In Death in Venice, is Aschenbach's death self-inflicted, or does he not have any control?

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literaturenerd | High School Teacher | (Level 2) Educator Emeritus

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One could constitute Aschenbach's death as both self-inflicted and uncontrollable.

One could justify that Aschenbach's death was self-inflicted. Given that he makes the choice to stay in the cholera-ridden Venice, one could state that the consequence of staying in Venice (because of his sexual infatuation for Tadzio) led to his death (his getting cholera). Therefore, if he would have left Venice, Aschenbach would not have gotten cholera and he would have lived.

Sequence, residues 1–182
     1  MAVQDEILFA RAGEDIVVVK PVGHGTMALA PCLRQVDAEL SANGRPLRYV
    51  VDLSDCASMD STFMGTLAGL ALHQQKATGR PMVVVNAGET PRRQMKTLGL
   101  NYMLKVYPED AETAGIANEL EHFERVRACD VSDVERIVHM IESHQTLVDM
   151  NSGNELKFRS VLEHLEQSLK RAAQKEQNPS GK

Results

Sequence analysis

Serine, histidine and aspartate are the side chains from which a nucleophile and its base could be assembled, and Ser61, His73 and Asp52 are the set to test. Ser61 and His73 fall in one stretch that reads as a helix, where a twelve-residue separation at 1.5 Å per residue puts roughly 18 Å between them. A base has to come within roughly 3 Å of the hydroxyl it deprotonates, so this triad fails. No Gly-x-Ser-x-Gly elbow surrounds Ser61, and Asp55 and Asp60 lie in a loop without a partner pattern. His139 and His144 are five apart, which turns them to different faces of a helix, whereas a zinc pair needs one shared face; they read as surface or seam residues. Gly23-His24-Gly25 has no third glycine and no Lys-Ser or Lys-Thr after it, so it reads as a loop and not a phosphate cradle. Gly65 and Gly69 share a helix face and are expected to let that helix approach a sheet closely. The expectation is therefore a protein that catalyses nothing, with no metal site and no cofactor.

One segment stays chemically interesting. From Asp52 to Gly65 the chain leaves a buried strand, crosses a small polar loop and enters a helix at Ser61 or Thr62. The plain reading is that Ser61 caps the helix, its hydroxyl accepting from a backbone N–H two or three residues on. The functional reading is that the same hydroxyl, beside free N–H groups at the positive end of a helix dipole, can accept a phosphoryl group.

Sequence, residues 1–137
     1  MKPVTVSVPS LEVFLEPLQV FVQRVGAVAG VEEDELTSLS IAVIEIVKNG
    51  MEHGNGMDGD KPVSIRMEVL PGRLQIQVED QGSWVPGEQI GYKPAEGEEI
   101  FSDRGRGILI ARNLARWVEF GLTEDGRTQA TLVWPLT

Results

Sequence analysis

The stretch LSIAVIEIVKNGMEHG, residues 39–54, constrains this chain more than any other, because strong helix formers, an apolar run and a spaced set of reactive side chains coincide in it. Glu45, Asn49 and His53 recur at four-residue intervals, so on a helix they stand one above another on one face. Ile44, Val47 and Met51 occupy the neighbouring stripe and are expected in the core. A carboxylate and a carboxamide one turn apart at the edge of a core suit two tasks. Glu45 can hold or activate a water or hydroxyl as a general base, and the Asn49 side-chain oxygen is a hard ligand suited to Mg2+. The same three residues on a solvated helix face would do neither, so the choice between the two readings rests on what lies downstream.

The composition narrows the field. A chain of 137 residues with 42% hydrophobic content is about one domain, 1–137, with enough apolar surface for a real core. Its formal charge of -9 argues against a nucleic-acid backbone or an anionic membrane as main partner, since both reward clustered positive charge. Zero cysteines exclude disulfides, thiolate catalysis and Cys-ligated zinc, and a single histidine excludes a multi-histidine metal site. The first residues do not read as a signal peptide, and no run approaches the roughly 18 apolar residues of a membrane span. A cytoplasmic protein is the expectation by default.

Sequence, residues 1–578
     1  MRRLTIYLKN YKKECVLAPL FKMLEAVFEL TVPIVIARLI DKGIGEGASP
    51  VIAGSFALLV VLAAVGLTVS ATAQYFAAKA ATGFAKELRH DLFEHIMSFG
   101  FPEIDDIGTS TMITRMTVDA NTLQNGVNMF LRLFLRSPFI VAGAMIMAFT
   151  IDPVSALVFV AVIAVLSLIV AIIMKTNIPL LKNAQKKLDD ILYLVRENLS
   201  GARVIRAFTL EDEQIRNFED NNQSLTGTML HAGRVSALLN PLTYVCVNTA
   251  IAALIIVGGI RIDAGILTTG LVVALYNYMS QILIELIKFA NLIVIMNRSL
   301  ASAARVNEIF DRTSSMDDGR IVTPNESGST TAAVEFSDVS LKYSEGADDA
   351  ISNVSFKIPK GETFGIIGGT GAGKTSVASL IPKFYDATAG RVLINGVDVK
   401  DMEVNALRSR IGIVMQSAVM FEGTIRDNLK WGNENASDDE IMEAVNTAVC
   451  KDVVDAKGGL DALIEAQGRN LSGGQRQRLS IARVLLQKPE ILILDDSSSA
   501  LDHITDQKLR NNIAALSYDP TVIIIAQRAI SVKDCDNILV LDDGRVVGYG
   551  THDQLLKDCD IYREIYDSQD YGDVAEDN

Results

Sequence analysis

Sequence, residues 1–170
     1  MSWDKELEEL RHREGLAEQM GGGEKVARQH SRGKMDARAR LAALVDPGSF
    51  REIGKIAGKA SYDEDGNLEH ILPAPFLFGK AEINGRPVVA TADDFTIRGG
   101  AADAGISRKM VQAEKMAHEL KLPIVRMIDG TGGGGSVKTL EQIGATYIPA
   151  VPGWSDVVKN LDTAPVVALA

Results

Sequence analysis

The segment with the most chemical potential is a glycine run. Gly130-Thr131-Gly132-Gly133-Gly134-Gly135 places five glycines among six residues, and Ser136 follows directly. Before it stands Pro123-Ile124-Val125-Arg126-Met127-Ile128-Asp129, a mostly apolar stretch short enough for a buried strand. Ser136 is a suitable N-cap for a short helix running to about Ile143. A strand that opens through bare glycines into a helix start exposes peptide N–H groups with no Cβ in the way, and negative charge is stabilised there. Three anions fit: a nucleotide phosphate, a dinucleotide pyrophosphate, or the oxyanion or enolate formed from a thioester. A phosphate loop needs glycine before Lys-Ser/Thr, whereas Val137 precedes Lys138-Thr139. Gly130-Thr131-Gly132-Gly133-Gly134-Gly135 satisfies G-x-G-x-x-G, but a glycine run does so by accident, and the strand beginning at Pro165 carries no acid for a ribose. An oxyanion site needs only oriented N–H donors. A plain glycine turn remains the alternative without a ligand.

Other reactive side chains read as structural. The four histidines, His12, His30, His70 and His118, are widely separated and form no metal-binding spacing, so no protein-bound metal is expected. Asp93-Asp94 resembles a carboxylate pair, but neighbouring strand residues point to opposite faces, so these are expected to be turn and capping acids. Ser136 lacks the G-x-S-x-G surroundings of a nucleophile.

On the other hand, a person cannot control who they have feelings for. Therefore, Aschenbach gets cholera as a result of the outbreak and his inability to leave the place where Tadzio is. Since he cannot control his heart, Aschenbach cannot control his death. As obsessed as he is with Tadzio, leaving Venice may have "killed" him as well.


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